82% (14/17) cultures with weaning age 2.5 yrs. and greater with support of youth sex have low suicides.
R. B. Textor (1967). A Cross Cultural Summary HRAF Press, New Haven.
The additional 186 culture sample from Barry and Paxon (1971) in evaluating both high and low suicide cultures have increased the prediction of low suicide cultures with weaning age of 2.5 years or greater than reported in Textor (1967) from 77% to 86%. These data need to be validated on modern human cultures.
86 % (31/36) of low suicide cultures have weaning age of 30 months or greater
66 % (19/29) of high suicide cultures have weaning age 30 months or greater.
Barry, H, and Paxon, L. M. (1971). Infancy and Early Childhood: Cross-Cultural Codes 2. Ethnology. VX (4): pp. 466-508.
(Breastfeeding Bonding is a necessary but insufficient condition for suicide prevention)
Only about 10% of tribal cultures breastfeed for 12 months or less compared to 93.2% of American mothers who breastfed for 12 months or less (NHANES III data)--National Health and Nutrition Survey Examination 1988-1994.4.
The World Health Organization (WHO) and UNICEF recommended for the human species breastfeeding for “two years of age and beyond” in their 1990 Innocenti Declaration.
Thereafter, children should continue to be breastfed, while receiving appropriate and adequate complementary foods, for up to two years of age or beyond. This child-feeding ideal is to be achieved by creating an appropriate environment of awareness and support so that women can breastfeed in this manner.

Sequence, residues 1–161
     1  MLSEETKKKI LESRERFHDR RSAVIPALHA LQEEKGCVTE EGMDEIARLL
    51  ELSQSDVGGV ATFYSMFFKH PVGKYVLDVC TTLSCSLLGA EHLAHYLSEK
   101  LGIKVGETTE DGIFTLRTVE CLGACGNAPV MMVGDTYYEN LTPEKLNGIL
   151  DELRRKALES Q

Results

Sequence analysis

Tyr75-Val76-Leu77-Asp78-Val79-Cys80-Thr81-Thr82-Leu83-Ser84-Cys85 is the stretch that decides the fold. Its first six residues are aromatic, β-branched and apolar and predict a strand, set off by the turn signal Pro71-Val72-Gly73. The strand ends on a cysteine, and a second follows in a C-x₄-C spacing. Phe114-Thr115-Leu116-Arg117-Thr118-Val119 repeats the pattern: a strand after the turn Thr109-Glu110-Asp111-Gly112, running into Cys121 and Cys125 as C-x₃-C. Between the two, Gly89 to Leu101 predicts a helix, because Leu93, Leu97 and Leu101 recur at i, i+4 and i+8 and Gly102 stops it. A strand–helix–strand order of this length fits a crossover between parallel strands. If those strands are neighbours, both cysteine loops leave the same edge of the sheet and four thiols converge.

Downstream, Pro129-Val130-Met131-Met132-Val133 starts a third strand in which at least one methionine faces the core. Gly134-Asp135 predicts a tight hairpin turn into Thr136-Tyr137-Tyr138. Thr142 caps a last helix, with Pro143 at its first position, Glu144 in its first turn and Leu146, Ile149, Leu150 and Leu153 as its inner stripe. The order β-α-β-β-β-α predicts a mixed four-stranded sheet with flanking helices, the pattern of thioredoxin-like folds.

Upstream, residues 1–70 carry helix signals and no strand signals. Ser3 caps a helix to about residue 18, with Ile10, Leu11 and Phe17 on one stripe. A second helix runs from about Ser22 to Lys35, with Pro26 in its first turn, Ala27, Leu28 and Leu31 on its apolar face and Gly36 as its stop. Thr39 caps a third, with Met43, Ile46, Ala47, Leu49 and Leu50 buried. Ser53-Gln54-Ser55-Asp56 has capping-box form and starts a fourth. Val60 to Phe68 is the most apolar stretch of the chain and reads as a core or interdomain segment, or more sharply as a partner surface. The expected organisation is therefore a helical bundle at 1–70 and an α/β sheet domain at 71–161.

Breastfeeding Mothers are rarely violent to their nursing infants and children.
Herbert Marcuse (1966) in Eros and Civilization has reminded us of the failure of civilization: 'Not those who die, but those who die before they must and want to die, those who die in agony and pain are the great indictments against civilization. Regrettably, the above information was not available to Dr. Pearson or the New York Times in the preparation of its report. The paucity of Breastfeeding Bonding and affectional sexuality in the U.S. and many other modern cultures are causal factors in dysfunctional and violent cultures.
James W. Prescott, PhD